The proverbial expression of theosis, "The Son of God became man, that we might become God" (Athanasius of Alexandria), presupposes the limitations made explicit by the doctrine of the Trinity. That is, it is as absurd to suppose that a creature may become the eternally self-existent God, as that God would be changed into a creature. But what would otherwise seem to be absurd, that sinful people may become holy as God is holy, this has been made possible through Jesus Christ, who is God incarnate. Substantially the same idea can be expressed in terms more familiar to the Western Church: through the knowledge of God in Jesus Christ, Man comes to know and experience what it means to be fully Man (the created image of God); through Man's communion with Jesus Christ God shares Himself with Man, in order to conform Man to all that God is in knowledge, righteousness and holiness.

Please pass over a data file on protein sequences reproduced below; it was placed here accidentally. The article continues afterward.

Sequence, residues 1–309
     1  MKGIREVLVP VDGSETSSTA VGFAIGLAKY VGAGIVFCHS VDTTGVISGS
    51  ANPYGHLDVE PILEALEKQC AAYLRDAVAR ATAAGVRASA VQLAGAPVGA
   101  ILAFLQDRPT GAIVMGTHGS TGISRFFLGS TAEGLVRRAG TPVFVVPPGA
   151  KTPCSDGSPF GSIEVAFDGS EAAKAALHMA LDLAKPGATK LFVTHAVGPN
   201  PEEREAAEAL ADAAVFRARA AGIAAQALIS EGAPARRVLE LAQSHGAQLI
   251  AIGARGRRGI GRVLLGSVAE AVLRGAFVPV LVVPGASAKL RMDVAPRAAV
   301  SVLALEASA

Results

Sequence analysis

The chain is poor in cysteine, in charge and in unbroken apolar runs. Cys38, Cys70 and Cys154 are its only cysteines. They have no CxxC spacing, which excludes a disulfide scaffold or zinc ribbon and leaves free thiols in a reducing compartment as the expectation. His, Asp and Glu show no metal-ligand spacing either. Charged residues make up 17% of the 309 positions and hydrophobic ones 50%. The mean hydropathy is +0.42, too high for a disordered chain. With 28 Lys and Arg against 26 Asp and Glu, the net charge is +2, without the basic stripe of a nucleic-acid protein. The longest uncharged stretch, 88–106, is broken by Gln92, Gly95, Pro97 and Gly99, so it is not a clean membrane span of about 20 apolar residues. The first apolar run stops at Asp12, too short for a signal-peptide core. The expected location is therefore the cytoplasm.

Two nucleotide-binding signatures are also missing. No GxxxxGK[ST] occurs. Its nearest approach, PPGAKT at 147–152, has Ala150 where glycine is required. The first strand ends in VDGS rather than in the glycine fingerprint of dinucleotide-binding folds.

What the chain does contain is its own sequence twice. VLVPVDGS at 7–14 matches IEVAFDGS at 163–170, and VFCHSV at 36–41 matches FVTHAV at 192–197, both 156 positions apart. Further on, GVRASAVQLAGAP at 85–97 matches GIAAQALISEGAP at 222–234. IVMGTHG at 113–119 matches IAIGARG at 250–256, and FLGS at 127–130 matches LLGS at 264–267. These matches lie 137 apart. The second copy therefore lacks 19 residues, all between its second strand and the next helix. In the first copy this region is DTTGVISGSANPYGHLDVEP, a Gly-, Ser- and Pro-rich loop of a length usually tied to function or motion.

Theosis also asserts the complete restoration of all men (and of the entire creation), in principle. This is built upon the understanding of the atonement put forward by Irenaeus, called "recapitulation". All of mankind is fully restored to the full potential of humanity because the Son of God took to Himself a human nature to be born of a woman, and takes to Himself also the sufferings due to sin (yet is not Himself a sinful man, and is God unchanged in His being). In Christ, the two natures of God and Man are not two persons but one; thus, a union is effected in Christ, between all of mankind and God. So, the holy God and sinful Man are reconciled in principle, in the one sinless man, Jesus Christ. (See Jesus's prayer as recorded in John 17.) This reconciliation is made actual through the struggle to conform to the image of Christ.

For many fathers, theosis goes beyond simply restoring man to his state before the Fall of Adam and Eve. These fathers teach that because Christ united the human and divine natures in his person, it is now possible for man to experience closer fellowship with God than Adam and Eve initially experienced in the Garden of Eden, and that man can become more like God than Adam and Eve were at that time. Some Orthodox theologians go so far as to say that Jesus would have become incarnate for this reason alone, even if Adam and Eve had never sinned.